ParkMyCloud was the perfect tool for what we needed at the time and it also gave us a side benefit where we could give developers, QA people, and even data analysts and business folks the ability to turn an instance off when they’re done, or turn it on without having to write a bunch of complex policies within AWS.
Before, if we only wanted certain people to be able to manipulate a handful of instances, I had to put those instance IDs in the policies. Instance IDs frequently change, so running custom policies was taking a lot of overhead and we got the benefit from ParkMyCloud of just assigning them teams. Now, whether the instance IDs change or not, there’s no extra work for our IT team.
That’s why we chose ParkMyCloud and why we’ve been using it for 6–7 months now. For me it was great, very simple to set up, simple to use, easy for non-technical users and with very little effort from me and my technical staff, so it’s been perfect.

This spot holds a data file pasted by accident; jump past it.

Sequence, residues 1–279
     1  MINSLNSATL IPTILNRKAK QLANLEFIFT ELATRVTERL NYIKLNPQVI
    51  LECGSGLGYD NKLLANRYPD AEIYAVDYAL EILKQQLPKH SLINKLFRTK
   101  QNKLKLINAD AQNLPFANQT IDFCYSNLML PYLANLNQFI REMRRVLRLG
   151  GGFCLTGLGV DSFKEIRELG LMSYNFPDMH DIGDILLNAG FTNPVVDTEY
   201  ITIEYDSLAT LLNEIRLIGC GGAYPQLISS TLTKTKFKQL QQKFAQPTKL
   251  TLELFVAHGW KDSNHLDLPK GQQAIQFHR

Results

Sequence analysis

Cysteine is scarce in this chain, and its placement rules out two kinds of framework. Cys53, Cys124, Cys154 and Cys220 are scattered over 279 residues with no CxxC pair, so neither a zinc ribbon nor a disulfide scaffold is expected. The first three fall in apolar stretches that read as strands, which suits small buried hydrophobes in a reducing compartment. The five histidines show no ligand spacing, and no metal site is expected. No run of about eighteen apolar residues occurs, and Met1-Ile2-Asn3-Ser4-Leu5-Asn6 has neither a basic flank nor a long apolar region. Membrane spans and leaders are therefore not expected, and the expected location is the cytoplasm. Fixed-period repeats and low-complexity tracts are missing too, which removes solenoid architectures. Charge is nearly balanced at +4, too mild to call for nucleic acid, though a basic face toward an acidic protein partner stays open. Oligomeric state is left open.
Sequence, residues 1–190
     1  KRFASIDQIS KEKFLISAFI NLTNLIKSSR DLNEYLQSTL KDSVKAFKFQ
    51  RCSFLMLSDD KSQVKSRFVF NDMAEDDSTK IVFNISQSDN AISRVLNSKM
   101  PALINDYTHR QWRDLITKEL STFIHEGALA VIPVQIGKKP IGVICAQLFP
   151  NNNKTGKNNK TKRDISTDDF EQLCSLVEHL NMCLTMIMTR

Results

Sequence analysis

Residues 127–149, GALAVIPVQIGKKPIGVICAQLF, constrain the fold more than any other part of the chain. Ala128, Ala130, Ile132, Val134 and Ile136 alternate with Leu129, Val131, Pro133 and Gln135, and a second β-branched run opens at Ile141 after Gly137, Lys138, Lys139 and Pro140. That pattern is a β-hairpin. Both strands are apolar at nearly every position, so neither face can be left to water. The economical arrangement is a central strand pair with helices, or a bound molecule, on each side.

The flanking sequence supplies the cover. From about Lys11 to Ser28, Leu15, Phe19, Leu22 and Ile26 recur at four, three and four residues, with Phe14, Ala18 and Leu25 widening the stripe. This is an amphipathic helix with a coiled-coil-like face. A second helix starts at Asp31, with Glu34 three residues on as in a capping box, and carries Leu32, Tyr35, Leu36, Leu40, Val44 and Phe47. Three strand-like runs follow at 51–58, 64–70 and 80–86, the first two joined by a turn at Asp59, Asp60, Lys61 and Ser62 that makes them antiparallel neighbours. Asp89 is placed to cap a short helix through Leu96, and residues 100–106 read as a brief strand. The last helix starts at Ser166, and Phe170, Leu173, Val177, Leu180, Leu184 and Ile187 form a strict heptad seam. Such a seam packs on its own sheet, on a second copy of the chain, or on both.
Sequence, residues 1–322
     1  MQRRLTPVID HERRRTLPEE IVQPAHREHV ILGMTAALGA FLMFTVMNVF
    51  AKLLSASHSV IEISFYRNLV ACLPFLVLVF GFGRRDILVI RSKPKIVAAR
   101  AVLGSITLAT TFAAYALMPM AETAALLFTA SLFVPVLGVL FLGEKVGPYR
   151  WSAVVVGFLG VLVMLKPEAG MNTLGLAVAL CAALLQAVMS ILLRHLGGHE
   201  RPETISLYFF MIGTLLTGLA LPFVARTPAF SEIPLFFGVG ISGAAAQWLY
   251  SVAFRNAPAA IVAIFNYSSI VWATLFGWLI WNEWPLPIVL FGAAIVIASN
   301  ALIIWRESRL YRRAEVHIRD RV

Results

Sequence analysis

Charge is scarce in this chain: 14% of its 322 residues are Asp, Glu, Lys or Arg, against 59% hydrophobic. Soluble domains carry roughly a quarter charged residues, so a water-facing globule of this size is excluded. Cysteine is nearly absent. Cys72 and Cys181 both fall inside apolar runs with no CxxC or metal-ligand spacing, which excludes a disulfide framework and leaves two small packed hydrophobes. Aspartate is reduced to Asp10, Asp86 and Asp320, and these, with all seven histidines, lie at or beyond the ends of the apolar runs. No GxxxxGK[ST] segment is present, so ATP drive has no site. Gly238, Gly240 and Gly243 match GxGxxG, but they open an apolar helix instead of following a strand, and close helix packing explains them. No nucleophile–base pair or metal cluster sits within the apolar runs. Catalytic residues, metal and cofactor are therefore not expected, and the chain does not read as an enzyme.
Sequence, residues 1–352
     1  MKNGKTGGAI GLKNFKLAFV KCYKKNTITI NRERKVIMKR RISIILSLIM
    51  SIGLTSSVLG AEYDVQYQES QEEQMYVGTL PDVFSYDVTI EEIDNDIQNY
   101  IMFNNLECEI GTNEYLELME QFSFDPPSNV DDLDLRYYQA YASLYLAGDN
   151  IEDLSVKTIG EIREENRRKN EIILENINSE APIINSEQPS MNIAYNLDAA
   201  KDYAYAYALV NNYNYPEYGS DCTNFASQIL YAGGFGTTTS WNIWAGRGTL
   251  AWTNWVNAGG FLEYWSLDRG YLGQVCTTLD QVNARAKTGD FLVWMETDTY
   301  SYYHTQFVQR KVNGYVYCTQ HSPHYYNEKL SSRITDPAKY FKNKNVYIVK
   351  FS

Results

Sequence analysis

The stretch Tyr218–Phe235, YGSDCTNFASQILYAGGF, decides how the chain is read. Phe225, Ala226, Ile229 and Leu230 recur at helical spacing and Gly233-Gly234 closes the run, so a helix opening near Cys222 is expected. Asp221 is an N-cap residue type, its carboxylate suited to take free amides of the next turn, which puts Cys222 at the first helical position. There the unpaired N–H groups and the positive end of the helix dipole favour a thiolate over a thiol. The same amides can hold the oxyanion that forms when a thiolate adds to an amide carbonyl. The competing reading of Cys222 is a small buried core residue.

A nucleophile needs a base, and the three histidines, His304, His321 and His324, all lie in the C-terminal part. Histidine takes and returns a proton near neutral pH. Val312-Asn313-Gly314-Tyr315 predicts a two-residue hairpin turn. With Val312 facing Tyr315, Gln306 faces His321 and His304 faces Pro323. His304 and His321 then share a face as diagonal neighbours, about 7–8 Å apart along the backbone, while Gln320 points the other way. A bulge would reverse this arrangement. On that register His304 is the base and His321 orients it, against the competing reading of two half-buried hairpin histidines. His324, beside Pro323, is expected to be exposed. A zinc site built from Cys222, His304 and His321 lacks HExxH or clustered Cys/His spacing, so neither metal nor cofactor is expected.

Great. So it seems like you were using a good mix of different cost savings efforts between the reserved instances, the rightsizing, and ParkMyCloud. Is there anything else you’re doing to manage cloud re-infrastructure costs?
Those are the bulk of it. We have other cloud-tracking subscriptions that we use sometimes. They are very simple but I just use it for looking at the daily spend, seeing if there’s any unexpected spikes, things like that. I can use it for finding resources that are no longer being used. It’s nice to have for identifying orphaned volumes and gives me a simple, easy way to clean some of that up, but we get our biggest use out of ParkMyCloud.